It has been found that a quiescent period of approximately of a second has been found to produce most suitable results in achieving a sufficient rapping of the sealing ring. The memory effect of the sealing ring is just sufiicient so that the ring begins to return to the normal undistorted position but does not achieve this undistorted position prior to the next maximum force. It has also been found that the current drive should operate on approximately 100 milliamps at a minimum level and approximately 250 milliamps at a maximum level. It should also operate on minimum current approximately 9 of the time of operation. The force created is designed to overcome the out-of-plane seating of the sealing ring. By employing the constant maximum current pulses, the sealing ring 30 is, in effect, smashed into the upper surface of the boss 26 and sufliciently distorted until the next maximum force pulse. The sealing ring is sufficiently distorted so that it overcomes the out-of-plane seating of the sealing ring.

The control valves A and A may be operated from a control circuit C as schematically illustrated in FIGURE 9. The circuit C is powered from a 120 volt source of alternating electric current (not shown) and includes a positive conductor 100 which is connected through a fuse 101 to the solenoid coil 3 or 53. The circuit C also includes a neutral conductor 102 which is connected to the cathode electrode 103 of a silicon controlled rectifier 104, the latter also including an anode electrode 105 and a gate electrode 106. The anode electrode 105 of the silicon controlled rectifier 104 is electrically connected through a thermistor 106 to the opposite terminal of the solenoid coils 3 or 53. A fixed resistor 107 is shunted across the thermistor 106 for elimination of undesirable temperature effects.

The firing angle of the basic voltage output of the control circuit C to the solenoid 3 or 53 is, of course, controlled by measured changes in the sensed physical variable, which is schematically illustrated by a variable resistor or so-called control resistor 108 in FIGURE 9.

The basic timing device that controls the firing angle of the circuit in relation to the measured change in the physical variable is a unijunction transistor 109 which is used as a relaxation oscillator. The unijunction transistor 109 is provided with a base-1 110, a base-2 111 and an emitter 112. The emitter 112 can be connected directly to the variable resistor 108 and is also connected to a capacitor 113, which is in turn, connected to the neutral conductor 102. The base-2 111 of the transistor 109 is connected through a temperature compensating resistor 114 to a limiting resistor 115 and to the opposite terminal of the variable resistor 108. The base-1 110 of the transistor 109 is electrically connected to the gate electrode 106 of the silicon controlled rectifier 104 and to a fixed resistor 116 which is in turn connected to the neutral conductor 102. The limiting resistor 115 is also connected to the cathode portion of a diode 117 and to the conductor 100. A surge suppressor 118 is connected across the conductors 100, 102 for suppression of transient voltage. A Zener diode 119 is also connected across one terminal of the resistor 114 and the neutral conductor 102, in the manner as schematically illustrated in FIGURE 9.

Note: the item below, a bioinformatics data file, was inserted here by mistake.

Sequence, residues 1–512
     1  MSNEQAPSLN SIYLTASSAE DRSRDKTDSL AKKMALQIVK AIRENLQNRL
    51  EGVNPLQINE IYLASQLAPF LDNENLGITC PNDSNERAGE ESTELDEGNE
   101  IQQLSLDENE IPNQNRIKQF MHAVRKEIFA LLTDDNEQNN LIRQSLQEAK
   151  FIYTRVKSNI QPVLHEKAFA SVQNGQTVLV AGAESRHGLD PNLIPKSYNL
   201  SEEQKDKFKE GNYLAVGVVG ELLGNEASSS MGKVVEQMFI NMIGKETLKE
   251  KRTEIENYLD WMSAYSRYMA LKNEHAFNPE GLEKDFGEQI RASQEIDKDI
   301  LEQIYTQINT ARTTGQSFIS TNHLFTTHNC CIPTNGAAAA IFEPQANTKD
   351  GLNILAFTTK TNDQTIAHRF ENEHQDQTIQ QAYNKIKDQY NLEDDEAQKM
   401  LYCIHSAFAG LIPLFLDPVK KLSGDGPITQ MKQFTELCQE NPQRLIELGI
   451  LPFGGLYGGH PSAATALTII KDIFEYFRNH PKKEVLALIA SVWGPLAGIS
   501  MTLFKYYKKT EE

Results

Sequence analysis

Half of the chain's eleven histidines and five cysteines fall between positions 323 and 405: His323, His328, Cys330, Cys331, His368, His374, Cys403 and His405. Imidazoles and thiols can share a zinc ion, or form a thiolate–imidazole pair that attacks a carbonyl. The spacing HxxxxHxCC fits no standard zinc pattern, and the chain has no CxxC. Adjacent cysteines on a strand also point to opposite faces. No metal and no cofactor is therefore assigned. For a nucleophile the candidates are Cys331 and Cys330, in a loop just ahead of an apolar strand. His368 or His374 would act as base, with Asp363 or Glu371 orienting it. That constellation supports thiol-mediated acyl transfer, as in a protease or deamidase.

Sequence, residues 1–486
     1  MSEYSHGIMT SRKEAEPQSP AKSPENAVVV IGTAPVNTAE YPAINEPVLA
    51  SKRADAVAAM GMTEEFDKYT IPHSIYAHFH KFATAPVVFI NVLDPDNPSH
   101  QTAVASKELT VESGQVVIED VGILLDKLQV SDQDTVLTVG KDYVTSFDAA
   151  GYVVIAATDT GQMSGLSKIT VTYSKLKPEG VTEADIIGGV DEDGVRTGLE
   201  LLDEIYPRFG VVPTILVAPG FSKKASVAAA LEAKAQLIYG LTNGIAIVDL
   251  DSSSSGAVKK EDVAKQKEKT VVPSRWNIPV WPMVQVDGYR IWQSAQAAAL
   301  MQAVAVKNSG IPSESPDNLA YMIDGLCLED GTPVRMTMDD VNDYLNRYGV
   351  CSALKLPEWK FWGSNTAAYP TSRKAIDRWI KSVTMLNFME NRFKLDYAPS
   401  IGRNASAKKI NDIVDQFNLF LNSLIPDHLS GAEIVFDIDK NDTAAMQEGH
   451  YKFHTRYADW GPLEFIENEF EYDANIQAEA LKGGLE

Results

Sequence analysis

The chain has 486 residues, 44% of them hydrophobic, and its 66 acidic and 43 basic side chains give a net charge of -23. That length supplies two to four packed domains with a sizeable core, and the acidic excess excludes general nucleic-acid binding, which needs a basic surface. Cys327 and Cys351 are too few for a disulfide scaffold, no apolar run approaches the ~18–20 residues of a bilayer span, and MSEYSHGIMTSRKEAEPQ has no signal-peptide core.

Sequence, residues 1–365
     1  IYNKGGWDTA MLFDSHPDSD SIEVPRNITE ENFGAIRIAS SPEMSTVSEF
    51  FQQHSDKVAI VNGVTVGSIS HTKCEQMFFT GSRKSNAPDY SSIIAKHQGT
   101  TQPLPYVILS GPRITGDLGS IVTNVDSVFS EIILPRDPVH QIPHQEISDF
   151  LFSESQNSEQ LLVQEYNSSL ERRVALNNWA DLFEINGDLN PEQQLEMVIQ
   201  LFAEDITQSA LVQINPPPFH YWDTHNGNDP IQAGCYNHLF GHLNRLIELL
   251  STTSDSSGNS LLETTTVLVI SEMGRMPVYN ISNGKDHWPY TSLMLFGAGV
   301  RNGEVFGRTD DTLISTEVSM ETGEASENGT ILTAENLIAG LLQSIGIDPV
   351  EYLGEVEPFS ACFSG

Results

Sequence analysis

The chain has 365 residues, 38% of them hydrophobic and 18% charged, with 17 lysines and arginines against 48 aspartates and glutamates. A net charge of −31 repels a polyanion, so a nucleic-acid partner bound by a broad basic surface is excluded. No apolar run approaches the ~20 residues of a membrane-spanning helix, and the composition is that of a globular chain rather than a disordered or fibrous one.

The control resistor 108 is representative of the function which may be measured. The basic firing angle of the output voltage to the solenoid 3 or 53 is controlled by the changes in the sensed physical variable. Inasmuch as the sensed change of the physical variable is capable of being translated to an electrical change, such as a voltage,

current or resistance change, this change can be physically I represented by the variable resistor 108.

The unijunction transistor 109 which serves as the relaxation oscillator delivers a current pulse into the gate of the silicon controlled rectifier 104 at a controllable time within the positive cycle of the supply voltage from the source of electrical current. This current pulse is delivered to the gate electrode 106 of the silicon controlled rectifier 104 from the base-1 110 of the unijunction transistor 109. When the rectifier 104 receives this signal it will begin to conduct and will continue to conduct until the current attempts to reverse, at which time conventional diode action stops the current fiow. During the negative cycle no action will take place. The operation of the relaxation oscillator uses the principle of the unijunction transistor 109 that conduction between the emitter 112 and base-1 110 is prevented unless the emitter to base-l voltage is greater than a critical value, that critical value being determined by the base-2 voltage to the base-1 voltage. When this peak voltage is exceeded, the effective resistance between the emitter 112 and the base-1 110 drops and approaches a zero level. Conduction will continue until the emitter to base-1 voltage drops below the valley point voltage.